Legal blogs are a-buzzin’ over the story of the porn stash of Alex Kozinski, Chief Justice of the 9th Circuit Court of Appeals. Some time ago Kozinski posted sexually explicit pictures on his personal, publicly-available website. The pictures have since been removed. I’ve read nothing to suggest that the pictures were obscene or otherwise outside the protection of the First Amendment but their presence on Kozinski’s website is news because (1) he is one of the highest-ranking federal judges in the country, (2) Kozinski has courted notoriety before (follow the links for details), (3) he is presiding over an obscenity case in Los Angeles from which some calling for his recusal, and (4) well, it’s porn. I intended to ignore the whole kerfluffle–Kozinski is guilty of bad judgment, perhaps, but so what?–then remembered that Internet law students know Kozinski as the author of the majority and subsequent en banc opinions in Fair Housing Councils v. Roommates.com CDA s.230. Trivial news, I know, on a day when the U.S. Supreme Court slapped down the Bush administration and ruled 5-4 that Guantanamo detainees have the right to habeas corpus, but in 11 hours I’m leaving for a week-long bike trip across Oregon and the Kozinski porn story better fits my mood.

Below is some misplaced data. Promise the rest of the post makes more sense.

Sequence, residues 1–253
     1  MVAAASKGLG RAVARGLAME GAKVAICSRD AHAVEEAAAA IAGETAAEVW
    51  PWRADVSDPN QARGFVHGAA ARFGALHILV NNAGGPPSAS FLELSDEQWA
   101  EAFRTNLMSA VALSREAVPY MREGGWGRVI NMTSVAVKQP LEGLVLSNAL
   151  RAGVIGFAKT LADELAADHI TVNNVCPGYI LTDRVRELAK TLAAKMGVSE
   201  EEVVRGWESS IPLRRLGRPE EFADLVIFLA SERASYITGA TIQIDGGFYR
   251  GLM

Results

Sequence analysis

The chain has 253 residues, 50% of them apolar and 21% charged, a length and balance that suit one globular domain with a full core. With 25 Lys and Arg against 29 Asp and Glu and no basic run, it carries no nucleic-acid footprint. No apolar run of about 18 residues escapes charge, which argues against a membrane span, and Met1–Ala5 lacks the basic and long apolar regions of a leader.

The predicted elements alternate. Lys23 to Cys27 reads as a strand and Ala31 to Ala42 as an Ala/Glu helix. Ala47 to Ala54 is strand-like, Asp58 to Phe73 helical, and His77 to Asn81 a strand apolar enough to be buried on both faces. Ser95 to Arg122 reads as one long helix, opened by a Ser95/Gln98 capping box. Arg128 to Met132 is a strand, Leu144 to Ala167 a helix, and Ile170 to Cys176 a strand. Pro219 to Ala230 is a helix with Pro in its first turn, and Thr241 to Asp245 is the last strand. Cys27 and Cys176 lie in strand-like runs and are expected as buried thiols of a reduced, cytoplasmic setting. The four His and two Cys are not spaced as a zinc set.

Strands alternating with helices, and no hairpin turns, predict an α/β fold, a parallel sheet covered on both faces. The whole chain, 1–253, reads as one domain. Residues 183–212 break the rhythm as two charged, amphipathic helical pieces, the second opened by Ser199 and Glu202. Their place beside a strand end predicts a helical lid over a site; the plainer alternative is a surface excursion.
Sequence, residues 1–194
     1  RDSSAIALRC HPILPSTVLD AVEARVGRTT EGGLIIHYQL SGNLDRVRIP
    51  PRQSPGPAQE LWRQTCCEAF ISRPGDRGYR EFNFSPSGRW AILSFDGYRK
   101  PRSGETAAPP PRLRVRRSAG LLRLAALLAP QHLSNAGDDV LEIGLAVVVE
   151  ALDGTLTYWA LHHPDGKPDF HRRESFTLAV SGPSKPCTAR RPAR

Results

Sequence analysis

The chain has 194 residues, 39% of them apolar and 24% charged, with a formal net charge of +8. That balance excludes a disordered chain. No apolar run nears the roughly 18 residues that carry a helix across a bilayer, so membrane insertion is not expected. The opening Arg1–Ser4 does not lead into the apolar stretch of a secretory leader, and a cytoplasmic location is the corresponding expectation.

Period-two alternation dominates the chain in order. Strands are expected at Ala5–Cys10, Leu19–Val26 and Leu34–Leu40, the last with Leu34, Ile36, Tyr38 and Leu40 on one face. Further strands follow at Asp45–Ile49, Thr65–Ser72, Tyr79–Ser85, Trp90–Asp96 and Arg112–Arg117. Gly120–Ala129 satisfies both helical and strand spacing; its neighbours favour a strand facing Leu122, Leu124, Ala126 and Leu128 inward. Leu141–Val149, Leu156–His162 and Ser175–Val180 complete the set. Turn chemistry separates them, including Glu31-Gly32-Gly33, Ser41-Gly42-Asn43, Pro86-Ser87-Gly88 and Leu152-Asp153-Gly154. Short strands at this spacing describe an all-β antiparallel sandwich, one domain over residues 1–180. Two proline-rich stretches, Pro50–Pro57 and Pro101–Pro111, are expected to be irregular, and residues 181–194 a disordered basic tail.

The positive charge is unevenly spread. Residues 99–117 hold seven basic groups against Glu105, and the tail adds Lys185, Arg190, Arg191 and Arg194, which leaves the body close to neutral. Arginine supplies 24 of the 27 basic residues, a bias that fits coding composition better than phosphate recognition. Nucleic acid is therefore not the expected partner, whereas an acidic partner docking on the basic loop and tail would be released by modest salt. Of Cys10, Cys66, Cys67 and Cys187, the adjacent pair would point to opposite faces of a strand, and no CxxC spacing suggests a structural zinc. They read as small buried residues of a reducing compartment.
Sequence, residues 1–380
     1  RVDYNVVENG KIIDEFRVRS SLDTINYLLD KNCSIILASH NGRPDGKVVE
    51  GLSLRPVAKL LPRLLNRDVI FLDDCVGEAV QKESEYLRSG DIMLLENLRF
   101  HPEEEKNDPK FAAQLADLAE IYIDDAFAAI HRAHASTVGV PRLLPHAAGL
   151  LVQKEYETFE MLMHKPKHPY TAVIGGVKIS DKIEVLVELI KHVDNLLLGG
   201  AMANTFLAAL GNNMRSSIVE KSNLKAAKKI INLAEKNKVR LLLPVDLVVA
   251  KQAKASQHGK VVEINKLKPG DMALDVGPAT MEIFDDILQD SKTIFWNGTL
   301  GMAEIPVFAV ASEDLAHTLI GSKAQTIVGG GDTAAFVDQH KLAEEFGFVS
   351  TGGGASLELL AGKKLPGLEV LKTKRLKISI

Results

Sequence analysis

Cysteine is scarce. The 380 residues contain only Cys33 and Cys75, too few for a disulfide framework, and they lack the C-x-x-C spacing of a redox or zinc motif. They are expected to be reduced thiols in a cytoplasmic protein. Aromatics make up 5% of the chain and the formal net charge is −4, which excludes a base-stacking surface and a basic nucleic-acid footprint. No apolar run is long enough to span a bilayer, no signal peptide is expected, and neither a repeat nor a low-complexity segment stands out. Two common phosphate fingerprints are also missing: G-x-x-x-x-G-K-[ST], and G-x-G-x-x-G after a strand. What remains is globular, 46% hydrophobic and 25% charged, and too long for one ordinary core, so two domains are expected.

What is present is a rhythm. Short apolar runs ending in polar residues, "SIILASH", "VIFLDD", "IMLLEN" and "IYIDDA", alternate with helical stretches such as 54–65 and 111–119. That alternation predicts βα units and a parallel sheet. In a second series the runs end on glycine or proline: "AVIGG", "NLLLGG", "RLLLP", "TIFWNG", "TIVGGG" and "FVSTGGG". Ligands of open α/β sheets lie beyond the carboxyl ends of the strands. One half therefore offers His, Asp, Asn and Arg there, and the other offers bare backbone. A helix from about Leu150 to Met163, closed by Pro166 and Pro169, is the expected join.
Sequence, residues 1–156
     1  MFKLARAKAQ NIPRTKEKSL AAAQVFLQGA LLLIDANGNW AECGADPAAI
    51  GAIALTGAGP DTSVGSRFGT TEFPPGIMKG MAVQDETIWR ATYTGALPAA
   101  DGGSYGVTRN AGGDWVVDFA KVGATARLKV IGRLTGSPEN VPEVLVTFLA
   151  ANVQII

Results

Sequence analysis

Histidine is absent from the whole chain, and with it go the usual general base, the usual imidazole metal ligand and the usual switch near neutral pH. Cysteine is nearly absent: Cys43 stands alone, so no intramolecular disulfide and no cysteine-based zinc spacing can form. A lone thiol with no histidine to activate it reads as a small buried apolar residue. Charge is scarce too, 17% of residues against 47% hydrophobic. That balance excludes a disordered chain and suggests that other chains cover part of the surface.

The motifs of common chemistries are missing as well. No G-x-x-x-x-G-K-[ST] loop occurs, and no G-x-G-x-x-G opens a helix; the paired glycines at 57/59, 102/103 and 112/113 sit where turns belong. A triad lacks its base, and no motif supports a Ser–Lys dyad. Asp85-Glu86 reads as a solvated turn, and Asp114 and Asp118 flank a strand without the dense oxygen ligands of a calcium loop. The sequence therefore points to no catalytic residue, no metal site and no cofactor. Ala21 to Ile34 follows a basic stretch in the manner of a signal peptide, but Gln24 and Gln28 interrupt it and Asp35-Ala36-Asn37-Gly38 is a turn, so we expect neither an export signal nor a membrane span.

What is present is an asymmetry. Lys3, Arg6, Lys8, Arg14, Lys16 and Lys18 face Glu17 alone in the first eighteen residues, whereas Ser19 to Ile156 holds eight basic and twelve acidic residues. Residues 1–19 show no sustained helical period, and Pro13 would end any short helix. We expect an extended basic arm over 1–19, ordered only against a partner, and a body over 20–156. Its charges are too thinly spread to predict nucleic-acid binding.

Last week the 9th Circuit Court of Appeals issued its decision in Kahle v Gonzales, rejecting the plaintiffs’ argument that Congress’s transformation of copyright protection from an “opt-in” system to an “opt-out” system requires First Amendment strict scrutiny analysis. The plaintiffs supported their challenge with a theory implied from the Supreme Court’s decision in Eldred v Ashcroft, the 2003 decision rejecting Constitutional challenges to the Sonny Bono Copyright Term Extension Act of 1998. The 9th Circuit ruled that the Supreme Court’s Eldred decision “effectively addressed and denied Plaintiffs’ arguments” and affirmed the district court’s dismissal of their complaint. Christopher Sprigman and Larry Lessig–plaintiffs’ counsel, along with Jennifer Granick–posted comments on the 9th Circuit’s decision here and here.